Retrospective nine (November 2012)

Given the way in which blogs are presented, I am convinced that posts which reside more than a scroll or two behind the most recent are doomed to languish and to be forgotten. Because I believe there is value in looking at contributions from days, weeks, and even months ago, I have decided to post a gallery of images presented during November of 2012. Perhaps it will be interesting to scroll through these and to compare them to those presented during this past month. Be patient, it may take several minutes for all of the images to load fully. Hovering over an image will reveal its title. Clicking one will take you to a carousel view and you can either move through the collection or click the links to read each post in its original form. Note that this is the eighth in our series of retrospective posts. If you’d missed any of the others you can find them all by using the search feature in the sidebar to the right, simply search for retrospective.

13 thoughts on “Retrospective nine (November 2012)

  1. I remember most of these. Kind of like old friends. All the colors of fall are represented quite nicely!

  2. Every month I expect to see something familiar as I feel I have followed your blog “for ages”. However, I had not seen these articles and images yet! My favorite is the steel truss bridge which looks like a gate to a different world – very inspirational. I was also curious to learn about the black-and-white picture … if it is a historical image probably. I don’t know why but it is somehow 1960s or 1970s? Maybe it’s only because of the (missing) color. And then I clicked the link and stumbled upon your explanation of Vulcan Mind Meld. You are such a geek!

    • Hey there Dark Creek Farm. What a delight to see a comment from a new reader. Taking the time to compose a response to this retrospective post is very much appreciated. Please feel free to drop by Pairodox again. Thanks much. D

  3. Whatever money you spent on that camera was well worth it! Very nice images. It was interesting to see that WordPress keeps the image metadata when it uploads the images. For example, for my favourite – Nature Revealed, these are your settings: Camera: DSC-HX9V, F 4, f=7.8, ISOs=320, Shutter = -.02.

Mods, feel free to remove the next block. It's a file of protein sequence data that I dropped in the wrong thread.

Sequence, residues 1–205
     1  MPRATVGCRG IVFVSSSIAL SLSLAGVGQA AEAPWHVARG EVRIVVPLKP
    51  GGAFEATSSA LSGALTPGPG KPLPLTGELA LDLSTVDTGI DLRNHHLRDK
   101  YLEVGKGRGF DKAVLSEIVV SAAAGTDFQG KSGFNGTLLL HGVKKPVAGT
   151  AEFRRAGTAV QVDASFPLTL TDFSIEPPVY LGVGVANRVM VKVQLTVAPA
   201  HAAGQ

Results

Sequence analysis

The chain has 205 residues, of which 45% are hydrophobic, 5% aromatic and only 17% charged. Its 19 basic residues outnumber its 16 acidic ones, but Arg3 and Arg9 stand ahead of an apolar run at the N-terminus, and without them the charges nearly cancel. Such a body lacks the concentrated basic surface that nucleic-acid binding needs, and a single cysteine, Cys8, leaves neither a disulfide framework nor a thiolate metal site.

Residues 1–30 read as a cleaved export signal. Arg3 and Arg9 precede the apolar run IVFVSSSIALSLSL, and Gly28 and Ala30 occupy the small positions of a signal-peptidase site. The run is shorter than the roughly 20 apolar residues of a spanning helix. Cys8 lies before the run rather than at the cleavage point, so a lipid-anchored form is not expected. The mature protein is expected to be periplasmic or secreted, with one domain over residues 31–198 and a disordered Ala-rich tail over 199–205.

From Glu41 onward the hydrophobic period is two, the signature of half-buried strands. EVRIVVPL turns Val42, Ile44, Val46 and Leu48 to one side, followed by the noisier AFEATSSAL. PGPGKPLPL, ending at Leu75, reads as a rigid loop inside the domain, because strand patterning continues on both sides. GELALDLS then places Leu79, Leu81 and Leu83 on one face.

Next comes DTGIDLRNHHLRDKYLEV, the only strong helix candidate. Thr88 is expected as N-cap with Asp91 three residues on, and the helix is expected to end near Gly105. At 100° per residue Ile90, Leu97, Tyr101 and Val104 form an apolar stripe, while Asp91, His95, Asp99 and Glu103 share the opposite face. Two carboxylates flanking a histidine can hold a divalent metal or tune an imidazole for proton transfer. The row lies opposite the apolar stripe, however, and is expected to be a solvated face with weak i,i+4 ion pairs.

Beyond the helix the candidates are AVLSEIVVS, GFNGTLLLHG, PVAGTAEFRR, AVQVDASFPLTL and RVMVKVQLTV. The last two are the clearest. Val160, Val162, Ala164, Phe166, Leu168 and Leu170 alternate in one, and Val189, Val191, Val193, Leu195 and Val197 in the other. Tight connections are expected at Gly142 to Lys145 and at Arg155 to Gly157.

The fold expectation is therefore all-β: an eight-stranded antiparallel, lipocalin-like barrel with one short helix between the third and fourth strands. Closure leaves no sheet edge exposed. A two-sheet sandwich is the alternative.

• Fascinating. How did you access the metadata? Also … these images were taken as I was making the transition between the Sony (HX9V) and the Nikon (D600). I am still astonished by the quality of the images taken by the former. If you don’t look very closely and if you don’t mess to deeply with digital processing, you’d be hard pressed sometimes to tell which camera took which images! Thanks Maurice. D

      • If you are using Firefox or Chrome, right click on the image and select “inspect element” and you will see a new pane at the bottom of the screen with, among other things, the metadata. On the subject of image metadata, here’s a decent article I read a month or so ago: http://www.makeuseof.com/tag/3-ways-to-remove-exif-metadata-from-photos-and-why-you-might-want-to/. And yes, the Sony certainly did a great job, but then again the real art is with the user. I was spoiled in my previous job, having access to a Canon EOS. I returned it when I retired but have my eye on a fairly nice, affordable Nikon. Maybe some time in the new year if I continue to do contract work. In the meantime I admit that my camera phone has made me very lazy. It is a Samsung Galaxy S3 and has a very decent camera – for a phone, that is. All of the images you have seen (all of recent vintage, that is) were taken with it. Not bad if it’s a case of wanting exactly what you see and no more.

        • Hmmm … have seen that panel before and, given that I’m not much into editing code, have pretty much been confused by it. So … I did migrate there and didn’t find the image metadata. Perhaps I’m not hitting the correct tab … no matter … they still look pretty good. Thanks for the link. D

          • I did have to scroll down about 8 to 10 lines to see it. Make sure you right clicked on an Image too else you’ll get the top of the page – a confusing mess to say the least 🙂

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